Visitors Find Magic at the Three Sisters Sanctuary
Where Art and Nature Collide
Richard Richardson, creator and caretaker of the Three Sisters Sanctuary in Goshen, likes to say that he has built his own world in what he called a ‘snow globe.’
“I live in a snow globe; I built the snow globe, I designed the snow globe, and I’m not done with the snow globe yet — this is the magic of it all,” said the philosophical and quite colorful Richardson. “Somehow I’m gifted enough to take nature and work with it to see it come to maturity in such a magical way out there.”
But the snow globe is not his alone. Indeed, it has become a popular stop for day trippers and others. It is a place to stop, reflect, take in beauty of various kinds, and, in many cases, grieve the loss of a loved one — which is where, in many ways, this fascination starts.
The Three Sisters Sanctuary sits on 3,500 acres of protected mixed forest and wetlands. When walking down the winding paths, guests will encounter standing stones, small and large rock cairns, classic statuary, bejeweled beings, and other whimsical creations.
Cozy pockets along the trail invite visitors to stop and take it all in. It has been described, appropriately enough, as a place where art and nature come together.
Within and around the gardens are multiple art exhibits of sculpture, glass, metal, mosaics, found and repurposed items, and other materials. But each exhibit mainly focuses on its natural surroundings; most projects are composed of large stones, like “The Kiss,” but some projects include other natural materials like wood, such as “The Conception.” Perhaps the most intriguing piece in the sanctuary’s gardens is a giant dragon head made of stone, metal and glass; it is most known for breathing fire.
All of this has been derived from the vivid imagination and artistic mind of Richardson, who said he landed in “the land of Goshen” — a rural community northwest of Northampton about 30 years ago in a bread van when driving through for a job. Richardson said he opened the door, looked out, and instantly thought “if I could live anywhere, this would be it.”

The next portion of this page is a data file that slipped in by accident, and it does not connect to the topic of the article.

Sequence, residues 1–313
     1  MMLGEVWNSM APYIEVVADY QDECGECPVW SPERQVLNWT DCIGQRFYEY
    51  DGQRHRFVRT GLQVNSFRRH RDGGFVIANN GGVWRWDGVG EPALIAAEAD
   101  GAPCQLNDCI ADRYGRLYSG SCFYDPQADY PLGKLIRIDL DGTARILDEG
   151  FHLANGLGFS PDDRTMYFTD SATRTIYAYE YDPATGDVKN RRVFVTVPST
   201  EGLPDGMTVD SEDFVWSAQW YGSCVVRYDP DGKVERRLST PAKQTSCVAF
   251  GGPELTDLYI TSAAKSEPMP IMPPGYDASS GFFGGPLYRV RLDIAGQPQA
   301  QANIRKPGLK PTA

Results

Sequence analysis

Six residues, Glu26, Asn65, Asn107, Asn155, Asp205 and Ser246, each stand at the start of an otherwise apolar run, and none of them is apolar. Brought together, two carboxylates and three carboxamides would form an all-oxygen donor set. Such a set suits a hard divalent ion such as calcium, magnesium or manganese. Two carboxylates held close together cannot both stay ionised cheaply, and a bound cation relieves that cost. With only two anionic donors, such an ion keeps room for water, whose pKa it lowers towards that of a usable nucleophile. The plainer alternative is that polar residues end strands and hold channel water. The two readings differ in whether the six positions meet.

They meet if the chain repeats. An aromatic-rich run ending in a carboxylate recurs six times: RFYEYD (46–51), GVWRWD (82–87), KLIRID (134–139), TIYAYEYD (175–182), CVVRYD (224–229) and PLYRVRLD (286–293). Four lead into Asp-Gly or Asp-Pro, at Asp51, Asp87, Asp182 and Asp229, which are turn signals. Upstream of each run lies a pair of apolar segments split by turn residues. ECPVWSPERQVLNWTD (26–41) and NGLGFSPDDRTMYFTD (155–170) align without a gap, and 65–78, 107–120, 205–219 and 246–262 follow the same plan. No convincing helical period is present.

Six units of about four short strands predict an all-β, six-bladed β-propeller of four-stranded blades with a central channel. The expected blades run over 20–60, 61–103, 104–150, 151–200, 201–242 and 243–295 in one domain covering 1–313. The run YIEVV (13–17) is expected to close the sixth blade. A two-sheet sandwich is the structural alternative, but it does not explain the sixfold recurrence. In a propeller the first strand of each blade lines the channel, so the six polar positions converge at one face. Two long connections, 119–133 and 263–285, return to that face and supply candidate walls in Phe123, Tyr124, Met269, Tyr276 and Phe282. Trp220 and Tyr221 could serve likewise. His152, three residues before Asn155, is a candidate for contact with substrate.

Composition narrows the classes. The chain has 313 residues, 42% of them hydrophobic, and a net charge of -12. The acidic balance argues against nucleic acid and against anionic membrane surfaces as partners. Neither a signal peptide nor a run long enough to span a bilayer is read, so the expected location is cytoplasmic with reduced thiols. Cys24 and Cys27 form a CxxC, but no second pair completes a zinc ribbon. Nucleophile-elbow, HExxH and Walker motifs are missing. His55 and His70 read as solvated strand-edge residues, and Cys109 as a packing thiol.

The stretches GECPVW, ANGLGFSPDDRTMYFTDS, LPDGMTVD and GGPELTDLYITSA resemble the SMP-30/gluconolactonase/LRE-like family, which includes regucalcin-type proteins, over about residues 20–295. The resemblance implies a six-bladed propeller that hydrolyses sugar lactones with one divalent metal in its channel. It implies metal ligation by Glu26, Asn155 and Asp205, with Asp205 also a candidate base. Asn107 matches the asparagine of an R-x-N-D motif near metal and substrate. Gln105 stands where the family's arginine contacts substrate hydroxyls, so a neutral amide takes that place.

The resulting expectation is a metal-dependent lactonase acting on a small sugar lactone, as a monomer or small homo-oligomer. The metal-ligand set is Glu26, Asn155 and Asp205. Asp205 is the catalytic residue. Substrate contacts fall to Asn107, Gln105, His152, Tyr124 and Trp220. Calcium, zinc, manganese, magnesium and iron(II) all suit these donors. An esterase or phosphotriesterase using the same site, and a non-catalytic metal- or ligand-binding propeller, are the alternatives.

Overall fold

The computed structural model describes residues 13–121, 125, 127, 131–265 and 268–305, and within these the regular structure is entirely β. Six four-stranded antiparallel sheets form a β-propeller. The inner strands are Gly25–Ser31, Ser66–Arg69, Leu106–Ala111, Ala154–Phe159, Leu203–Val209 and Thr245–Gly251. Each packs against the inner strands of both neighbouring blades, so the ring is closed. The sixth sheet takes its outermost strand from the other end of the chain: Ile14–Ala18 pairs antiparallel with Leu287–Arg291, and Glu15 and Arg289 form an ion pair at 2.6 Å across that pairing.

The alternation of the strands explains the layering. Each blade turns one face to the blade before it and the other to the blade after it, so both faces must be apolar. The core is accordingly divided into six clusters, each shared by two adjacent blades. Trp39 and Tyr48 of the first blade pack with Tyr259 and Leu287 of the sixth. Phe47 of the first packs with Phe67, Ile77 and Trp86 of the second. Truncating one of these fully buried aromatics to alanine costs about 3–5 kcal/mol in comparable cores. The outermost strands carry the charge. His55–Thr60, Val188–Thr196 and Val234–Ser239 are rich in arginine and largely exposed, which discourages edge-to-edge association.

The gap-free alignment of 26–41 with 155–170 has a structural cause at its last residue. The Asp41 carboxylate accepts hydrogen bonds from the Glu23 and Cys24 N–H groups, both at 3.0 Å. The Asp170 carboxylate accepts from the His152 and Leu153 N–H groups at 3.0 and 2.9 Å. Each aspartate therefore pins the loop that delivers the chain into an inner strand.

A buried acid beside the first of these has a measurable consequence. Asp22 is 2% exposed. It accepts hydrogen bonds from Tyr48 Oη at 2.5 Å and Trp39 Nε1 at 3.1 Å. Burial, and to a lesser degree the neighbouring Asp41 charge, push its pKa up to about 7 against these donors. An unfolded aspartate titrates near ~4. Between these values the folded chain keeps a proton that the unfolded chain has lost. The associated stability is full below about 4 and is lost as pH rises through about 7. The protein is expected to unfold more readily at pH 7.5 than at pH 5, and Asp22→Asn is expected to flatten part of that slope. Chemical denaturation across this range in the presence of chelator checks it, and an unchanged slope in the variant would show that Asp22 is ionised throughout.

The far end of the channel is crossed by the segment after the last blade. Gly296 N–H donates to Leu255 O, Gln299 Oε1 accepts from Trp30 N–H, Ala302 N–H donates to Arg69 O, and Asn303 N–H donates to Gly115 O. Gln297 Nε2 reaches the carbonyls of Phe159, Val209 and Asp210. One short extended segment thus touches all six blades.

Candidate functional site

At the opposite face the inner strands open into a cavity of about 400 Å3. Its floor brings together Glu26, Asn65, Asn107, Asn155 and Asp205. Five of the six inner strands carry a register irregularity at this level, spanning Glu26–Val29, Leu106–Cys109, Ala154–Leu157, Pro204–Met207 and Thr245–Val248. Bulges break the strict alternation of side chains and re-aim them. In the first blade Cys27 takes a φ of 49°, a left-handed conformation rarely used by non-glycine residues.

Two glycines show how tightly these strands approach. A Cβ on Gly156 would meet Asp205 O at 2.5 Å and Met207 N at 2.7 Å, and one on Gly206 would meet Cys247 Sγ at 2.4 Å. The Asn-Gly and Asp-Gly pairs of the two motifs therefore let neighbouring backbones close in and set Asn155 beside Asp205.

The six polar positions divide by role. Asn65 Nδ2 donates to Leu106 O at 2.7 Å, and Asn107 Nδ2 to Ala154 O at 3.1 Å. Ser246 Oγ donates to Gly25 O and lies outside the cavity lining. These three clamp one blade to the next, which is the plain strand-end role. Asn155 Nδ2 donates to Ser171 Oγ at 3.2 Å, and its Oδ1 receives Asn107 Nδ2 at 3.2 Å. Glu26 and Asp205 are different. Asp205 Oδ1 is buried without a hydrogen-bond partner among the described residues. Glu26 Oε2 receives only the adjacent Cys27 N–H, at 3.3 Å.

And in three years’ time, he bought the land that the sanctuary currently sits on.
“Destiny played a major role in my life. This is the only house I ever thought of buying,” said Richardson. “It was very clear to me that when I purchased this piece of property, I didn’t know then that I had arrived. Where I was going to go from there, I didn’t know, but I had arrived.”
Years later, the sanctuary was created, but as gardens. Richardson’s brother was an avid gardener and close friend to him; he suggested to Richardson that he gardened to help grow through his grief.
“In the last year of his life, he said to me in order to deal with grief, he’d like to install three gardens with me. Each will be a perennial garden,” explained Richardson. “His hopes were that when the plants started to come back and he was gone, that I would continue to love, nurture, and care for these gardens.”
He went on to explain how his brother considered himself an annual, his life cycle was complete after death. The gardens were perennials, coming back each year to remind him that nature has a plan to help heal the soul.
Seven years later, Richardson found himself in a rut. He had been gardening, but they had become much more elaborate than he anticipated. He compared his gardens to English gardens — “well composed and too proper.”